Last Monday I received a phone call at work
“If you want to say goodbye to Maggie, you’d better come home now”
Maggie, our little Dandie Dinmont, had only been with us for three short years. We were introduced to her as a frightened, cautious, introverted little dog at a rescue centre close to our hotel where we were spending a week’s holiday. Once seen we knew we could not leave her and decided to welcome her into our family. She shared our ups and downs as we relocated 5 times in and out of hotels, holiday lets and rental accommodation before finally coming to Scotland. As we settled she quickly became acquainted with local forests, parks, beaches alongside her trusty little companion Millie who, like us, is bereft now that Maggie has gone.
Travelling home as fast as I dared, I arrived to find my little Dandie standing to greet me with her great big welcoming eyes and I knew she was very poorly. Carrying her carefully up the steps to the garden, she slowly, painfully tottered around the conifers, snout down, sniffing for a scent of her enemy – Big Whitey – the Cat Next Door. Before coming into the house, bending down to her level, I saw that this was her last time there.
Once inside the house, wrapped in her blanket, cuddled on my lap, vet phoned and appointment made for 2 hours time, we sat together, silently savouring this precious time. If I could have shared my fears this would have been what Maggie would have heard.
Is it time for you to leave us, my beautiful little Dandie? Your skin is warm; your once muscled little legs are weak – your body ravaged so quickly by the dreadful disease of cancer. You try to lift your head but bow-like, your little body is bent: too weak to raise it high. And so, stooped, your once bright huge brown nocturnal eyes can only look back, pain riddled. Your legs tremble, your breath flutters and I know it is time to say goodbye.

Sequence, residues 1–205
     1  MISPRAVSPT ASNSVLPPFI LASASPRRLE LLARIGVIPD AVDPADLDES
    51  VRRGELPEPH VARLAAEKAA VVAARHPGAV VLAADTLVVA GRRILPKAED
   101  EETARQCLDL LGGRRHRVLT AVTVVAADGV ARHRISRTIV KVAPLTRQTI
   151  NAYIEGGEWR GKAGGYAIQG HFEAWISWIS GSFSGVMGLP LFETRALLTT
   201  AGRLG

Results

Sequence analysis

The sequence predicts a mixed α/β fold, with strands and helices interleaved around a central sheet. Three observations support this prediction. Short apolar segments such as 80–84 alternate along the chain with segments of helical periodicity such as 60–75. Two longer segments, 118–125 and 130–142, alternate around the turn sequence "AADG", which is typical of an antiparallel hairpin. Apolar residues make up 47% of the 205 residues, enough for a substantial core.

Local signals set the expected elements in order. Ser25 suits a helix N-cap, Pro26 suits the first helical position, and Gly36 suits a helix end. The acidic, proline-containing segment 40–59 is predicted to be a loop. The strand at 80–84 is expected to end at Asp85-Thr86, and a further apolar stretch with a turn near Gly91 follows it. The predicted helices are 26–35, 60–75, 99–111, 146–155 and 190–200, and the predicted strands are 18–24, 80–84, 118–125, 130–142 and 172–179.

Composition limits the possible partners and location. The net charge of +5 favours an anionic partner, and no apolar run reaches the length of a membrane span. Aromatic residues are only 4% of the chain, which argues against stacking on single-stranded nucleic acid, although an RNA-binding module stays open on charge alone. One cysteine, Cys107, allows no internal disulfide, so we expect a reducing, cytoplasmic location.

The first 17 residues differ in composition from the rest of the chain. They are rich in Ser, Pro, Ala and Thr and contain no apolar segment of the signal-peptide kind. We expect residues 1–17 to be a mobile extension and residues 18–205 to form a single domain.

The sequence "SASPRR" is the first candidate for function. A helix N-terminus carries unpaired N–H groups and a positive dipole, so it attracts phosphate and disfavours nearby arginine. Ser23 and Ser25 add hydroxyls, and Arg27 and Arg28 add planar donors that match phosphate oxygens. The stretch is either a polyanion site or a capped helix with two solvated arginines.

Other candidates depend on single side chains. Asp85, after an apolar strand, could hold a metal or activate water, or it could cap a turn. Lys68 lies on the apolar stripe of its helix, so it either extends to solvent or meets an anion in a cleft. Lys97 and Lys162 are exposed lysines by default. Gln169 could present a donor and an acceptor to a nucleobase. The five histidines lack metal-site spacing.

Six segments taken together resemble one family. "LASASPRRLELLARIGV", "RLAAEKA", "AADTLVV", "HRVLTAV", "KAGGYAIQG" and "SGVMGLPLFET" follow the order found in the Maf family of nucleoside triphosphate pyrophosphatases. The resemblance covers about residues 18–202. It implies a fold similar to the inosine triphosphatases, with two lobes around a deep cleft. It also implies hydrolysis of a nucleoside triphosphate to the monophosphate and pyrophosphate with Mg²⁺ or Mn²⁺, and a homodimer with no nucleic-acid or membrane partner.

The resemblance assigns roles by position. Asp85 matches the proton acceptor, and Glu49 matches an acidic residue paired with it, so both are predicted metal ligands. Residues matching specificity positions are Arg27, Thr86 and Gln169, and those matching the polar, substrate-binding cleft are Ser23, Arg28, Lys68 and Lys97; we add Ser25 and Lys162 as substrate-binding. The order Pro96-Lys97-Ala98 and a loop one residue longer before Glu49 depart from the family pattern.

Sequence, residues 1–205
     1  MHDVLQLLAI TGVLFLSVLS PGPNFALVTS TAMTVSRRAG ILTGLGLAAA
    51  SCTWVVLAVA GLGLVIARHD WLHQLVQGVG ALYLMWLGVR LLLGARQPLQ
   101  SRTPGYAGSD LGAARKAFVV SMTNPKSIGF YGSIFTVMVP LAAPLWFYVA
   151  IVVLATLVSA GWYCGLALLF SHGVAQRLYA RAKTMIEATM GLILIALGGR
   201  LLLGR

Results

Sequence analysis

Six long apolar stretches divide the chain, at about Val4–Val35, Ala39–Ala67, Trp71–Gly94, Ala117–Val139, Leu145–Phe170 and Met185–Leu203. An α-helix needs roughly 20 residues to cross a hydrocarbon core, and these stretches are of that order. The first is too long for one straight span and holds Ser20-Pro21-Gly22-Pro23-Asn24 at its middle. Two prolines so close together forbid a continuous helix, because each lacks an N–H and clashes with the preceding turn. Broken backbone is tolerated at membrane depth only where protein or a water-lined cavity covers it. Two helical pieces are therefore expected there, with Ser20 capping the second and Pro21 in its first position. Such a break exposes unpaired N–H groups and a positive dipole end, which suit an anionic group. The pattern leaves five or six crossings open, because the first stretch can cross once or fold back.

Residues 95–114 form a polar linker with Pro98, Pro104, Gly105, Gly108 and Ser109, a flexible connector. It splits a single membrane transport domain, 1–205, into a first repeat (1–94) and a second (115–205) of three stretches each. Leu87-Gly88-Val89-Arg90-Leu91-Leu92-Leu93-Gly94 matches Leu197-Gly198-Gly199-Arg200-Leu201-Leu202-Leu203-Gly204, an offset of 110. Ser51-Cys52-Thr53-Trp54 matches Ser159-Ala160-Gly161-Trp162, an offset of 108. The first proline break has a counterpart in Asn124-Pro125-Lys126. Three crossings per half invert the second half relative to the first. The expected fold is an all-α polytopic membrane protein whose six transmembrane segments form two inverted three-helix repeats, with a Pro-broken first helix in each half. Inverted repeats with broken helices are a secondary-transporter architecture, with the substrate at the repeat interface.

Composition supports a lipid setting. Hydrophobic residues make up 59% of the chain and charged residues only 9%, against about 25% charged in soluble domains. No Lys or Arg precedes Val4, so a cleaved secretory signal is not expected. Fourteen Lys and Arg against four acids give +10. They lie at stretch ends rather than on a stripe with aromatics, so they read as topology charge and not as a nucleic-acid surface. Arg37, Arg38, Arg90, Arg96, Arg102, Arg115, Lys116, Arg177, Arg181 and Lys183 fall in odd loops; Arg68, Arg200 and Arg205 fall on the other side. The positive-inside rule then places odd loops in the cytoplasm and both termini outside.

And so with breaking hearts, we prepare to take you on your final journey with us to the veterinary surgery. Late at night, full moon lighting country roads we drive a dreadful journey, carrying our precious little dog, longing for more time with you. For the past week we have tried to make you well again – please eat a little my darling little dog – please drink – just a few drops? Sustenance. To keep you with us for a while longer. Selfish really.
We really don’t want you to leave us, our little companion of just three short years. Stay a while: let us cuddle you as always – let us see you run around, ears up, little tail straight and tall as you dash about with Millie. Let us love you a little bit more. We haven’t had you long enough – just another while will do. We love you little Meg.
So we travelled, weary, teary, heavy heartedly. You lay in my arms quiet, still breathing softly. When we arrived at the vets there was a queue – even at this late hour. Good! We stayed there in the back seat you and I, snuggling and cuddling quietly. A little moonlit walk across the grass for ablutions. Too soon you tired and made your way slowly stumbling back to the car as we looked on in sorrow. I think you had had enough. The dear vet, kindly, caringly compassionately knew we wanted a magical fixing and found himself being prescriptive and firm with us, patiently explaining that Maggie was very poorly and needed to leave us to rest. No we could not take her home. That was not an option. So we smiled at our little dog and held her as she passed away before leaving to return, depleted, worn and sorrowful beyond words. Millie her puppy companion moaned and cried wet tears as we travelled back without Maggie. She was only a dog – yes. And dog’s don’t live too long but dogs are our faithful loving trusting companions who ask only for walks, play times and company and they give so much to us.
Goodbye little Maggie. You touched our lives and we loved you very much.